Steve Brand, then working for a very forward-thinking engineer at Ski-Doo by the name of Claude Picard, was tasked to position Ski Doo for a return to XC racing. His job included a bit of race seat time and he recalls; ”These shocks worked fine. The challenge was then and continues today to be the rear skid shock performance in the bumps. One can generally finish at some speed with blown front shocks but not with a blown rear arm coil over shock that was used on the MX-X. We had lots of challenges with the Marzzochi shocks used on the new rear suspension”

The rules had changed for the 1991 I500 with a switch to 440 cc engines from the 500 cc motors used in 1990. Horsepower was limited to 65 hp max. This was the start of the popular 440 engines that would be used in Sno-cross racing until 2008. The 467 Rotax engine was a rotary valve liquid cooled engine that did not feature the new Rotax RAVE exhaust. Twin Mikuni 38 mm carbs delivered the fuel. The TRA clutch introduced in 1987 on the MX as well as a new secondary clutch with multi angle helix delivered the power to the track.

Steve Brand recalls getting the sled ready for the I500; ”This sled was not ready for the rigors of the I500 and had clearly not been bump-tested. If not for the timely support of Gerard Karpik none of us would have finished, and that was the only goal as we were well off the speeds of the other guys. We received the sleds at Christmas and totally stripped them down at Larry’s Small Engines in Orangeville, Ontario. We completed the mods suggested by GK (and Larry), rather than go out “testing” on our own, which was the testy majority opinion as I recall. We finally got the sleds together late on a Tuesday night, loaded our open place trailer, and headed out for Thunder Bay to make the Thursday registration day. The sleds had maybe five minutes on them so we started them on the open trailer and let them idle away through T-Bay while we drove to registration from our hotel. They might have had 30 minutes tops on them, but then we weren’t worried about the Rotax reliability.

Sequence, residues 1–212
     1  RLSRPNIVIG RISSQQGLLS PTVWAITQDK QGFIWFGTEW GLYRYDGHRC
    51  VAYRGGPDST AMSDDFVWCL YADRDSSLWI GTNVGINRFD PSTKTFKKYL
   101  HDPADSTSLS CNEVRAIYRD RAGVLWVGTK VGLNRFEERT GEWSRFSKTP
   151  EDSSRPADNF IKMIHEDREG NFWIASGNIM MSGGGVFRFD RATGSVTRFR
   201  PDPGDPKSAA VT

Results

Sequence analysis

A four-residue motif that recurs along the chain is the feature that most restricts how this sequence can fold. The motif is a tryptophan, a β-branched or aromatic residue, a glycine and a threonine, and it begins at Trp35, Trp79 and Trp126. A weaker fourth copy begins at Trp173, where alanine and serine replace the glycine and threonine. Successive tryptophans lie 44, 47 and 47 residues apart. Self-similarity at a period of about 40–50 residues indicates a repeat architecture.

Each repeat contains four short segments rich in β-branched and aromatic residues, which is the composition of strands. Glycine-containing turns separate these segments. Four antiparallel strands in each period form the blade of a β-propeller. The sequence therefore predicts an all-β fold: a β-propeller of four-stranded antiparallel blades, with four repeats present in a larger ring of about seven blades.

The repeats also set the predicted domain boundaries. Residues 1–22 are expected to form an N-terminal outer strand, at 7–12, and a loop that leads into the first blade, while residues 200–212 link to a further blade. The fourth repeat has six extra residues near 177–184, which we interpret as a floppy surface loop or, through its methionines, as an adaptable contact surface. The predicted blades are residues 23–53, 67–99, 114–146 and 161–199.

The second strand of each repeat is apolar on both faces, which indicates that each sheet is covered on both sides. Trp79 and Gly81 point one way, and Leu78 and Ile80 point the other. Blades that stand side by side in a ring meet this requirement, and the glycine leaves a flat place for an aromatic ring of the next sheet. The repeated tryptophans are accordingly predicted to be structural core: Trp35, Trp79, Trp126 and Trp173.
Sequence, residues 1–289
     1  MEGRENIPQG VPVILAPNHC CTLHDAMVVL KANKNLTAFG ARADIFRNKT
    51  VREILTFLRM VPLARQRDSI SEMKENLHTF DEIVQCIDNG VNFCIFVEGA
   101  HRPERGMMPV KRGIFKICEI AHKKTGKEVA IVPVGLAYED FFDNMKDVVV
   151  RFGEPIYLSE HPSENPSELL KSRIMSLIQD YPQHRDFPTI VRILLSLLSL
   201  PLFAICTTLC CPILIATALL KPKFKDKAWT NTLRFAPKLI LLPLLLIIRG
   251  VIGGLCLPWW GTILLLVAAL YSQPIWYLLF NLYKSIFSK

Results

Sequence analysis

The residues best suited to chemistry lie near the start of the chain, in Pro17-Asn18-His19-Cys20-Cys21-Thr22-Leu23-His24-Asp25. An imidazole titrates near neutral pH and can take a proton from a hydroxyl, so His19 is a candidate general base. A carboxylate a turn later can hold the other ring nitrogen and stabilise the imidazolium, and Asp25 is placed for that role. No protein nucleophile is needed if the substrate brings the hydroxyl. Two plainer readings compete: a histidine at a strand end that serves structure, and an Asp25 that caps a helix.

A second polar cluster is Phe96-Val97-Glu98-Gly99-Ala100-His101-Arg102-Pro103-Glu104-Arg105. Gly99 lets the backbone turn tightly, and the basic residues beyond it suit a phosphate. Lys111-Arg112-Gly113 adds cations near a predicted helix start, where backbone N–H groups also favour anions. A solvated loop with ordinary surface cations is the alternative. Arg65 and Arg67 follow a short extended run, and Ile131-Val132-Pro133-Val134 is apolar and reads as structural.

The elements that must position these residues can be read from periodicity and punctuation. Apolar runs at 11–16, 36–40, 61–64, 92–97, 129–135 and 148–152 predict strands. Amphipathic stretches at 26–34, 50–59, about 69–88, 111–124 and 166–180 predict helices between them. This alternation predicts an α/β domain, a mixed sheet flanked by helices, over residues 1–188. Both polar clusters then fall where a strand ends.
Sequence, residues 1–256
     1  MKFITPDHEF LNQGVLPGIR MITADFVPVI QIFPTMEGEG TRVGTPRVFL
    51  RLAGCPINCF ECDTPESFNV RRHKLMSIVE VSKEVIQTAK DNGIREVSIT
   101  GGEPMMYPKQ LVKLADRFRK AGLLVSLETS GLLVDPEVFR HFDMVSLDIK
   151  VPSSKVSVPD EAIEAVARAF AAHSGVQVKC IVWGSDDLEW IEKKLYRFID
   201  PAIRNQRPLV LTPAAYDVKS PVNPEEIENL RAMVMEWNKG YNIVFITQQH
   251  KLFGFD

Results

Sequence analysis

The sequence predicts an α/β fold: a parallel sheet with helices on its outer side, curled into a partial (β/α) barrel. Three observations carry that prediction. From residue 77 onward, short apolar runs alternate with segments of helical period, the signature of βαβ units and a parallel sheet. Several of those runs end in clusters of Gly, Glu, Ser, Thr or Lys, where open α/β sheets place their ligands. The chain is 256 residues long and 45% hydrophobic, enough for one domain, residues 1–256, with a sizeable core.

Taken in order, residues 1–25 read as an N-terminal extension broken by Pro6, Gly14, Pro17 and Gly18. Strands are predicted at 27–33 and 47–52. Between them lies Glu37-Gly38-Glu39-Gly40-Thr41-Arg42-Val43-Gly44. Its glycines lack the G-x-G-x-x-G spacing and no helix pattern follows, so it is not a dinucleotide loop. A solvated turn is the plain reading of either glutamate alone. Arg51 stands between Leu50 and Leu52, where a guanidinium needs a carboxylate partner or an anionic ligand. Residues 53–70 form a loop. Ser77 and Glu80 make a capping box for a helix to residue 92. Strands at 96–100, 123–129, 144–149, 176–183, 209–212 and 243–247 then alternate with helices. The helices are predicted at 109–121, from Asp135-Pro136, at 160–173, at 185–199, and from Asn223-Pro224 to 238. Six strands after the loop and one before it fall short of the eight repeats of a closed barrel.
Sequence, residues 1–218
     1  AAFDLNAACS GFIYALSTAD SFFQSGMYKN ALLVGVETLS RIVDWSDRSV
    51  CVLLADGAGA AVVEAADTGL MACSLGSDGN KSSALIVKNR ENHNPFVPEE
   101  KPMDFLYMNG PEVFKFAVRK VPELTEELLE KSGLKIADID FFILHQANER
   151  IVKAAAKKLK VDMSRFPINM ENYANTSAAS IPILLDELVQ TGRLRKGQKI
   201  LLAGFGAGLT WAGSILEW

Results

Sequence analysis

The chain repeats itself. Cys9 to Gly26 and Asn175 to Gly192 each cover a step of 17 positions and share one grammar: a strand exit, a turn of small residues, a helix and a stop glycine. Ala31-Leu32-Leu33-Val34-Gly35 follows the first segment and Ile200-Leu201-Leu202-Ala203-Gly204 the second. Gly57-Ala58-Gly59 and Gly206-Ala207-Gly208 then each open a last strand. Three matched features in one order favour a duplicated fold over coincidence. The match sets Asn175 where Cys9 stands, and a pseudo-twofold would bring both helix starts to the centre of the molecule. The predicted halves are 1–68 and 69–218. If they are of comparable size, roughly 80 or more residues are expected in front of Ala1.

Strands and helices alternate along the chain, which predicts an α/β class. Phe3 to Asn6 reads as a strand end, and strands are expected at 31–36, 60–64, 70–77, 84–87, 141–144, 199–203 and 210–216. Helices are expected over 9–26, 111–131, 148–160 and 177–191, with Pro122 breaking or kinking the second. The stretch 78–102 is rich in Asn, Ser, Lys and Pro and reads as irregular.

Steve Brand getting ready for the I500

I think 30+ Doos started the I500 in a field of 250+, but only seven of us finished under the time cutoff. There were 130 or so finishers. Three other Ontario riders under my wing were amongst the seven Doo finishers and this feat was only possible because we received and listened to Gerard’s tips. Doug Post of Caledon was the top Ski-Doo in an amazing 55th place with Ric Wilson a few minutes behind him. I brought up the rear (with my notebook and camera) a few minutes ahead of Bill Moffatt. The best Polaris sleds were almost 15 mph faster. We were getting passed like we were standing still. It was embarrassing but one of the building blocks that led us to the 1994 I500 when Ski-Doo turned the corner and had the most sleds entered, Todd Wolff made the top 10.“

1991:The Tipping Point to Chequered Flags and #1 in Sales

The ‘91 MX-X was a watershed snowmobile for Ski-Doo, which would lead to victory in the I500 in 1998 and 1999 by Todd Wolff. In addition the Team FAST sponsored Toni Hailkonen would win the Pro 440 class in the national Sno-cross circuit in 1997.

Steve Brand, who later went on to be the factory Ski Doo XC/SX race manager (92/95) summarizes; “The 90’s were an exciting time at Ski-Doo under Tony Kalhok’s leadership. The growing XC/SX success, led by Toni Haikonen and Todd Wolff, kick started Ski-Doo’s run to the number one market share spot, which it still holds to this day.”

 

Ski-Doo’s status as number one today is the result of setting a goal and keeping your eye on the prize through good times and bad. The snowmobile industry is as competitive a sport and industry as any. This story demonstrates clearly that resting on your laurels after achieving #1 status is a recipe for disaster. Polaris, Cat and Yamaha have all been at the top and want to get there again. That means building sleds with new technology that improves the snowmobile experience. Racing has accelerated the technology that improves the consumer snowmobile and that means sometimes taking one step back and two steps forward. The ‘91 MX-X is a clear example of a machine that needed perhaps one to two more years of development to be that game changing snowmobile. 

 


This article was originally published in the December 2014 issue of Snow Goer Canada Magazine. Be sure to get all the latest snowmobile news in your hands by subscribing today. If you missed an issue on the stands, or would like a copy of the issue this article was featured in, back issues are also available. Snow Goer Canada Magazine gift subscriptions are also available.